Apart from the housing crisis in the UK, in Cardiff there are limited authorized sites for travellers to camp on.
A shortage of approved places in Cardiff has culminated in a drastic increase in the number of travellers set up on illegal camps in Cardiff/Caerdydd, Chatham, or Merthyr Tydfil such as car parks and playgrounds.
Government data indicates that there has been a 17% increase in the number of caravans on unauthorized plots and land not owned by travellers in Cardiff from 2016-2017.
While socially rented plots in South Glamorgan only witnessed a 2% increase between the year 2010 and 2017.
Landlords and local government in South Glamorgan have two alternatives when seeking to obtain the possession of land and evict travellers in Merthyr Tydfil, Chatham, or Cardiff/Caerdydd.
Using common law to evict travellers in South Glamorgan is the first option.
The common law grants land owners in Cardiff the right to remove travellers from their South Glamorgan property and the right to do this with reasonable force when necessary.
Evictions under the common law in Cardiff are normally done by enforcement officers.
It is important to understand that evictions under law are accomplished by Denbigh Franks enforcement officers who will provide the travellers with a notice that gives them 24 hours to leave the Cardiff property.
After the 24-hour deadline expires and the traveller has not vacated the site in Chatham, Merthyr Tydfil, or Cardiff/Caerdydd, then the Denbigh Franks enforcement agent will be back with equipment and if they feel the need police can also be called to remove the Travellers who are still at the sight.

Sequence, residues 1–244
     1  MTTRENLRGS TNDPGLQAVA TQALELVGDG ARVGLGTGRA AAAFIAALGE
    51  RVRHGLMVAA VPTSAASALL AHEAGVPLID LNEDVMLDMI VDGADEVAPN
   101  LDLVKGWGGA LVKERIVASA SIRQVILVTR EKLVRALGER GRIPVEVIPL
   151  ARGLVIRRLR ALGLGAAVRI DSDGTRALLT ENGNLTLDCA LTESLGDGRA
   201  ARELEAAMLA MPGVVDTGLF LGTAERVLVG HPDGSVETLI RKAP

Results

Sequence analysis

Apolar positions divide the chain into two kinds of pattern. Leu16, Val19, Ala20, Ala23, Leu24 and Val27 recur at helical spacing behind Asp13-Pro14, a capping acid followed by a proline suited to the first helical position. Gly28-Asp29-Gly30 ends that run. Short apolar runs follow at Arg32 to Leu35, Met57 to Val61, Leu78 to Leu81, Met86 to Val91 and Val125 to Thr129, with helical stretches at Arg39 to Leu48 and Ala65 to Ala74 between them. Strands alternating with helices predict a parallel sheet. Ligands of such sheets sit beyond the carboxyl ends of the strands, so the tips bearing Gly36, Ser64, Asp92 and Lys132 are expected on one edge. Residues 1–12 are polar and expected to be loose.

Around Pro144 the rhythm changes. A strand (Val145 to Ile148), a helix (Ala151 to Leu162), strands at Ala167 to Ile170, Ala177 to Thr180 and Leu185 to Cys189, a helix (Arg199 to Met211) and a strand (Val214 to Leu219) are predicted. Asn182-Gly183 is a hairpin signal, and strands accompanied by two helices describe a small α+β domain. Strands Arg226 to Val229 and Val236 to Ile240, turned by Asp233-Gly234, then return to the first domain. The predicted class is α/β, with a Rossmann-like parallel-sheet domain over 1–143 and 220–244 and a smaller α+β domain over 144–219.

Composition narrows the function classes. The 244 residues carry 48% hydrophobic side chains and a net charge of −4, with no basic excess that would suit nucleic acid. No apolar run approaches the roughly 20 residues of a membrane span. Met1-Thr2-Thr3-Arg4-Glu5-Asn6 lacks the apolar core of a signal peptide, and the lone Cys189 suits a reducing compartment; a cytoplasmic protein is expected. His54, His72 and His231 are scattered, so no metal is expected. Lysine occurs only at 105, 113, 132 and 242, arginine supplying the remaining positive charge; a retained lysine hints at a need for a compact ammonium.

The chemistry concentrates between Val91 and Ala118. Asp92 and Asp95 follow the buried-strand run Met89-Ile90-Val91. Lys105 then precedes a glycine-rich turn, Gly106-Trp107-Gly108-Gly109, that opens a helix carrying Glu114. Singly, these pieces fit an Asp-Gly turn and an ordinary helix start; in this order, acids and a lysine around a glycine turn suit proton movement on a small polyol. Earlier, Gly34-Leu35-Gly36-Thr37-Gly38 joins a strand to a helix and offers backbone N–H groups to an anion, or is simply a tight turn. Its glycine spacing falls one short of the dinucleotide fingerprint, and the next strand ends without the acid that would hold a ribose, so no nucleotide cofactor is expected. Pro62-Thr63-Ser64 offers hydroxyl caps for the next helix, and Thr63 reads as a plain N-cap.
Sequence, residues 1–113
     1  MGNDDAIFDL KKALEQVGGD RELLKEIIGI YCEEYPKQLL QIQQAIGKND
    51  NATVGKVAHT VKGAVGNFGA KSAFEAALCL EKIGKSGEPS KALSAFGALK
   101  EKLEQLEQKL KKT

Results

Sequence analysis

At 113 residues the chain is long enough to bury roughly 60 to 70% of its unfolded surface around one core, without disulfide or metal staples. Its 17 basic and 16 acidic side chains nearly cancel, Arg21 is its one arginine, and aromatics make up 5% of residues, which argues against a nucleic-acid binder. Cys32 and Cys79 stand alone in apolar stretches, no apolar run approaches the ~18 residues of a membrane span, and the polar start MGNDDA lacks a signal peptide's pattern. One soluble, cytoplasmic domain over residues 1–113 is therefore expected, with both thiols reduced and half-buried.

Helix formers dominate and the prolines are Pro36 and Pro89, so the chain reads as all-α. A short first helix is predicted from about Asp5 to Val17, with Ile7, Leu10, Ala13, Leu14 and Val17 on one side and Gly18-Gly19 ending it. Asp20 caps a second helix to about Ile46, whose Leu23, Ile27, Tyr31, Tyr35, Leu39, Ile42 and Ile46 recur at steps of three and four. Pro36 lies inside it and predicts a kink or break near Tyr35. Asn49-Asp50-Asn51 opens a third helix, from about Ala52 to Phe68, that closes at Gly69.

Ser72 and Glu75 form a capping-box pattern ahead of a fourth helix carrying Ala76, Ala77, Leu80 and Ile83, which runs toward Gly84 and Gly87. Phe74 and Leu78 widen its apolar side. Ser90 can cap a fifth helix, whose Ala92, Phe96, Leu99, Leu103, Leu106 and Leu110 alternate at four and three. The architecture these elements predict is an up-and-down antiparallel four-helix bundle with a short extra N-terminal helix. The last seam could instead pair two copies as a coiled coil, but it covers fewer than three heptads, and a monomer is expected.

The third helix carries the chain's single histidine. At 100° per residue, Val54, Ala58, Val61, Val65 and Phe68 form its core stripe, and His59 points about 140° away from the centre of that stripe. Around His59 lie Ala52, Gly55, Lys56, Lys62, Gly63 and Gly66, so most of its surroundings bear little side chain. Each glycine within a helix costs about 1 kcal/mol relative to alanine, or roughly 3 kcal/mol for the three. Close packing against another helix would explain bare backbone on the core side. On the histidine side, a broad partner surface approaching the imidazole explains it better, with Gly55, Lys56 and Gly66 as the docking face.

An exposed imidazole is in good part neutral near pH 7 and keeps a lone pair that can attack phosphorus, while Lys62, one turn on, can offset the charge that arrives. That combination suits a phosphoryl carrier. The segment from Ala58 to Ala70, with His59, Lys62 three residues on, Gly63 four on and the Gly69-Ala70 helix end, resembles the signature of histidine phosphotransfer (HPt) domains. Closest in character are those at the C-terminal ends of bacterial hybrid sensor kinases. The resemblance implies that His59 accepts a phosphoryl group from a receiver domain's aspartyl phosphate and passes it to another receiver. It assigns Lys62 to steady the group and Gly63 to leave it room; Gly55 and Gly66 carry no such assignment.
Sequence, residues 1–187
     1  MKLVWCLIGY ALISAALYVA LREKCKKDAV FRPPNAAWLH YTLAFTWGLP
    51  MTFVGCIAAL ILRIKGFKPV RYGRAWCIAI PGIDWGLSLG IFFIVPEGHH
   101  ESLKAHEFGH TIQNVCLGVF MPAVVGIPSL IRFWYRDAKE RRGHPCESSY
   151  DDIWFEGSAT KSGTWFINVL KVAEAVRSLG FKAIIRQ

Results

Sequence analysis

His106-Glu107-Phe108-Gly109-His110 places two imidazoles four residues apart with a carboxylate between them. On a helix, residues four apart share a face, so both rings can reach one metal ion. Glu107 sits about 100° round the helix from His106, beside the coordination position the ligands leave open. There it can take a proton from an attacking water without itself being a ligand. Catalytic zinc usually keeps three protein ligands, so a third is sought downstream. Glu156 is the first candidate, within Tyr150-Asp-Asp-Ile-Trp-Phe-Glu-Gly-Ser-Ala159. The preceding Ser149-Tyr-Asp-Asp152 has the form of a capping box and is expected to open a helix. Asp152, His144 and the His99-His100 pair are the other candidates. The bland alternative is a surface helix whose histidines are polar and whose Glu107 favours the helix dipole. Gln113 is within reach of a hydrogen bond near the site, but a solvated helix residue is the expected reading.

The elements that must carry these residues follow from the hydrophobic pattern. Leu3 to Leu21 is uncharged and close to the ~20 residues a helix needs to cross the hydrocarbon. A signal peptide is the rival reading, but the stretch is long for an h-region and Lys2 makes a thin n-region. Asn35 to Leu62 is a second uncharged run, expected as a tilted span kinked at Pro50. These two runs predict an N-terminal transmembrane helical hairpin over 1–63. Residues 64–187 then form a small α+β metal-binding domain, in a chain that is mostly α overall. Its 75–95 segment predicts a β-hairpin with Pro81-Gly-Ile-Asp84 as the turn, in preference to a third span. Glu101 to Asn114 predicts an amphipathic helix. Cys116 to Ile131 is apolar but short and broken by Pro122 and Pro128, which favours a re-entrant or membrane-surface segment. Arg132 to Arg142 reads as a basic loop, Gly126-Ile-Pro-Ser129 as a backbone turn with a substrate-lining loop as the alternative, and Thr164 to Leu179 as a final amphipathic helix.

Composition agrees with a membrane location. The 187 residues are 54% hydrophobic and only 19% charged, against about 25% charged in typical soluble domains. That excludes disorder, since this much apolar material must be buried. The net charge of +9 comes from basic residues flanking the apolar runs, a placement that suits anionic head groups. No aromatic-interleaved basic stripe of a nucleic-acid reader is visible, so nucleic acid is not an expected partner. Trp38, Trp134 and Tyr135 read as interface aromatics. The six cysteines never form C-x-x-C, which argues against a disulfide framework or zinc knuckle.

Including removal from common law in South Glamorgan has several advantages.
The greatest benefit is the speed of the Cardiff eviction.
In addition, the speed at which the eviction in Cardiff is carried out helps to reduce the travellers' tendencies of causing damage to the property.
Secondly, landowners and local authority in South Glamorgan should be ready to receive possession summons.
Foremost, while removing a tourist using ownership writ in Cardiff, you may be required to get a possession notice.
An order of possession is typically given to a "Persons Unknown" when talking about travellers or squatters in Merthyr Tydfil, Cardiff/Caerdydd, or Chatham.
Once the order for possession has been conferred in Cardiff, the claimant can then transfer it to the High Court and then enforced by the HCEO (High Court Enforcement Officer) from Denbigh Franks.
The main benefit of making use of a writ of possession in South Glamorgan and forwarding it to the High Court is that there is no need for a notice to be given, the Denbigh Franks HCEO undertakes that decision and he will determine if it is needed based on the situation.
It is more beneficial at the time of dealing with the travellers in Cardiff who refuse to move on from the land as it takes away the opportunity of damaging the property from them, they cannot steal or show any kind of resistance at the time of eviction in South Glamorgan.
Avoiding these situations is always desirable to handle an eviction in Merthyr Tydfil, Chatham, or Cardiff/Caerdydd and the time and cost involved, so, in order to prevent it, there are many actions that can be taken by local authorities and landowners in South Glamorgan.
The best way to stop the unauthorized persons from entering land in Cardiff is to put fences and gates around the land and you can also prevent unauthorized access by installing large bollards at entrances.
In addition to these, trenches and earth bunds are effective ways of deterring illegal persons from gaining access to your Cardiff land.
Based in Cardiff, working nationwide
Find Out More
If you would like to find out more about the bespoke security services we provide here at Denbigh Franks, please do not hesitate to get in touch today. We look forward to answering any questions you may have.